If you could make your deaf child hear, would you? Academy Award-nominated Sound and Fury follows the intimate, heart-rending tale of the Artinians, an extended family with deaf and hearing...
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If you could make your deaf child hear, would you? Academy Award-nominated Sound and Fury follows the intimate, heart-rending tale of the Artinians, an extended family with deaf and hearing members across three generations. Together they confront a technological device that can help the deaf to hear but may also threaten deaf culture - and their bonds with each other. For Peter Artinian and his wife, both of whom are deaf, a surgical ear implant for their five-year-old daughter Heather means a choice between two worlds - an unfamiliar hearing world and the deaf world, a robust culture in its own right united by a uniquely visual and artistic language. Heather Artinian - precocious, vivacious, and avidly curious about implant surgery - is caught between her deaf parents and her hearing grandparents, as they argue passionately about her future. The debate is sometimes silent, but by no means quiet. When all is done, Sound and Fury speaks volumes about the choices we make and the battles... Written by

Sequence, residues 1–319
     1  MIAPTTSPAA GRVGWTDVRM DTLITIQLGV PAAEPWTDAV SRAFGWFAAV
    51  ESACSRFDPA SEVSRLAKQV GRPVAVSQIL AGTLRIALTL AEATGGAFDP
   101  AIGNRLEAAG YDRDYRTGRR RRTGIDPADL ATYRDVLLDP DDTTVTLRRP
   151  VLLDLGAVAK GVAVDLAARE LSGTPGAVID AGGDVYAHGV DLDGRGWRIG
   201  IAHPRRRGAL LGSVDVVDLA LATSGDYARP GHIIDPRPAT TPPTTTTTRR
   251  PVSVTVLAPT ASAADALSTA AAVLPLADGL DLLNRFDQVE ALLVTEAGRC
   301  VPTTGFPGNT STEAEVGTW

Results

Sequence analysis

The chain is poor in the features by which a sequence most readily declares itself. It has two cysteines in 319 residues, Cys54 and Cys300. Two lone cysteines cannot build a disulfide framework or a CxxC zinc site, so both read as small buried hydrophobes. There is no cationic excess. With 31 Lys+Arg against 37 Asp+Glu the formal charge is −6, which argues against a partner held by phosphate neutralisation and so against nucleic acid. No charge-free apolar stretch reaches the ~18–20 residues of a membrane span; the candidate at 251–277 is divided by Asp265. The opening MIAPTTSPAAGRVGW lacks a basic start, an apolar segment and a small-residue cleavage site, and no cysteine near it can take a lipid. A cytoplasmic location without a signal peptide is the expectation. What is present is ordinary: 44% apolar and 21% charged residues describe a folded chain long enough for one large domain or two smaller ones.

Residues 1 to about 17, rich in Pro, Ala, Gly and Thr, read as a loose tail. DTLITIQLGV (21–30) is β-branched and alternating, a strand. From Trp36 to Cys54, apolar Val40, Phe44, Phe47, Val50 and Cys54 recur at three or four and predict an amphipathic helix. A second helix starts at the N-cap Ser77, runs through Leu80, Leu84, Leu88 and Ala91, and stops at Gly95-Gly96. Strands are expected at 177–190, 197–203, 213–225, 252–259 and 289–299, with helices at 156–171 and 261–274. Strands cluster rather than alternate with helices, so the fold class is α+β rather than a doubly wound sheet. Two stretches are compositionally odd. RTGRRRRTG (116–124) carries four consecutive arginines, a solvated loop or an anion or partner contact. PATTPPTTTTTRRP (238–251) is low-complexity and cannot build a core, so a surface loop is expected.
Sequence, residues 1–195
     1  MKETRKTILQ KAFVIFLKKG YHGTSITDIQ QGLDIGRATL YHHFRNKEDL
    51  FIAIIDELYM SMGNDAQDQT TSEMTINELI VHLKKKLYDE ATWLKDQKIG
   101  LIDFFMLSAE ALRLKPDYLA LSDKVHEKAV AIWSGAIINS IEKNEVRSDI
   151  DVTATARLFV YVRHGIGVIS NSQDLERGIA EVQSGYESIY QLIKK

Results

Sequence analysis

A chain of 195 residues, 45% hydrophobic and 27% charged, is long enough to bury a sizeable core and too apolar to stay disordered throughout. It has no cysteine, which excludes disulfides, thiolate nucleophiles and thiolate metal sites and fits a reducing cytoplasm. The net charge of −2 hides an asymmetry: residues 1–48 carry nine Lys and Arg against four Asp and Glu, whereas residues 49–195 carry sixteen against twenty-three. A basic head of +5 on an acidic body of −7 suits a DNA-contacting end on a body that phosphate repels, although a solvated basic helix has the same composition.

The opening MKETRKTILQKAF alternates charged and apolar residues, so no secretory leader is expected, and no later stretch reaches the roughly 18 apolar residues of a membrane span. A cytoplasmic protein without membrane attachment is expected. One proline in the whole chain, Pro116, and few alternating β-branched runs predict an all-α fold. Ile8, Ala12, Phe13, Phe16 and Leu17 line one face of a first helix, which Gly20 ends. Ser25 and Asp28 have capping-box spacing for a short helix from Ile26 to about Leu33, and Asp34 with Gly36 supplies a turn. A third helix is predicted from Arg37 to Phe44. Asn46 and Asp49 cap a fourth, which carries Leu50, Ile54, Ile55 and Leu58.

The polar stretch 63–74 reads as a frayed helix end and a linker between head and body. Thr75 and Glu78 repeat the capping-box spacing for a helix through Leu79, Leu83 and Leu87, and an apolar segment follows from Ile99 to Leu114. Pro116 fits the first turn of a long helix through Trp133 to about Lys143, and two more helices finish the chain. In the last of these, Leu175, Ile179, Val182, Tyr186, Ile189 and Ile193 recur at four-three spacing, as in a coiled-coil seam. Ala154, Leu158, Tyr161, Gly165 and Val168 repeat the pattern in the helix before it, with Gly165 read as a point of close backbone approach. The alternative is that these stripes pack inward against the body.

When Peter asks Nancy (the girl with the cochlear implant from the deaf family) if she socializes more with deaf or hearing, the voice-over says, "Mostly deaf people." However, she is actually signing, "Grandma and grandpa." See more »
i agree with what everyone else has said in this forum, and felt i should add my recommendation.
this film is about identity and culture, pride and shame, belonging and being an outsider. i found it said so much to me, i had a hard time keeping my mind on it, as my brain kept trailing off with new thoughts about life.
see it, not because you have or haven't known deaf people; see it because you are human.
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